Many banks in Austria charge a monthly or annual fee to use their services.

There are some exceptions though, like N26 and DKB – a German bank that is also available for Austrian residents. Both banks offer free accounts regardless of how much (or how little) is deposited into an account each month.

Cash withdrawals at ATMs are mostly free in Austria. But if travelling overseas check with your bank to find out more about international withdrawal fees.

And finally, Austrian banks are covered by EU law, which means deposits up to €100,000 are protected.

Essential bank-related terms in German

  • Kostenlos/ Gratis – free
  • Gratiskonto – free account
  • Girokonto – current account
  • Weltweit – worldwide
  • Bankomatkarte – ATM card
  • Bargeld – cash
  • Bargeldabhebug – cash withdrawal

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CRIME

EXPLAINED: What to do if you experience online abuse in Austria

Following the suicide of an Austrian doctor who received threats from Covid-19 anti-vaccination activists, the government has now launched a new campaign to help victims of online abuse.

EXPLAINED: What to do if you experience online abuse in Austria

The Austrian medical community was left in shock in July when Lisa-Maria Kellermayr, a local doctor in Seewalchen am Attersee in Upper Austria, took her own life following months of online abuse.

Kellermayr, 36, had been targeted by anti-vaccination activists and Covid-19 conspiracy theorists for her out-spoken support of vaccines, and the abuse even included death threats. 

Her death prompted candlelight vigils and demonstrations in Vienna and the tragic story was picked up by news outlets around the world.

READ MORE: How Austria’s attempt to make vaccines mandatory changed the country

This led to calls for tighter laws against online bullying and the ability for perpetrators to be prosecuted in other EU countries – particularly as at least two of the people who are believed to have targeted Kellermayr are based in Germany, according to the Guardian.

The Austrian People’s Party (ÖVP) has even called for the creation of a special public prosecutor’s office to deal with “hate-on-the-net”, but this has been rejected by prosecutors and other political parties, as reported by ORF.

Instead, the Federal Justice Department has launched a new information campaign, website and hotline to help people dealing with online abuse.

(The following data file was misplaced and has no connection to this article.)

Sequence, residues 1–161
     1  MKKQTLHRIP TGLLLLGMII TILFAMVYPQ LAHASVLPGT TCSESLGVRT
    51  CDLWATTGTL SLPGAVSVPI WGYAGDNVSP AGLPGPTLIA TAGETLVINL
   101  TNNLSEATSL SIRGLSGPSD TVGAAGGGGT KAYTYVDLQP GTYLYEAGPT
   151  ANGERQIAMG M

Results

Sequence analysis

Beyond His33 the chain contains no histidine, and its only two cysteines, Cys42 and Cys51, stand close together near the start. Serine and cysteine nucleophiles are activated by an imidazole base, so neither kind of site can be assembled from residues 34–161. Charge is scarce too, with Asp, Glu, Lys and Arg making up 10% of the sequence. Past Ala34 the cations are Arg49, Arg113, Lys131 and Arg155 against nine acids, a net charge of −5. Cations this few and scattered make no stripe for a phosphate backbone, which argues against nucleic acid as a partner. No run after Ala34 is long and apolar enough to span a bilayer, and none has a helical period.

FOR MEMBERS: What happens if you get arrested in Austria?

What is in the new campaign?

Austria’s Justice Minister Alma Zadic (Greens) said they have launched the campaign to raise awareness about the issue and to inform victims about the support available.

Zadic said: “It is important to me that those affected know that they are not alone in this situation and that the judiciary supports them with free psychological and legal process support.”

“You don’t have to cope alone with the extraordinary burdens that criminal proceedings can entail, for example through confrontation with the perpetrators.”

READ ALSO: Austria in shock over doctor’s suicide following anti-vax abuse

Part of the support package is the new website Hilfe bei Gewalt (Help with Violence), which details how to access help from the authorities, as well as secure free legal advice and representation from a lawyer.

The website states the service is for victims of bullying and/or hate online, defamation, stalking, terrorism, incitement, sexual violence and robbery.

The service is designed to be anonymous with options to contact the Justice Department by phone or via a chat box. The website also lists contact details for regional support services in all provinces across Austria. 

The free (kostenlos) hotline for Hilfe bei Gewalt is 0800 112 112.

Useful links

Hilfe bei Gewalt

Austrian Federal Justice Department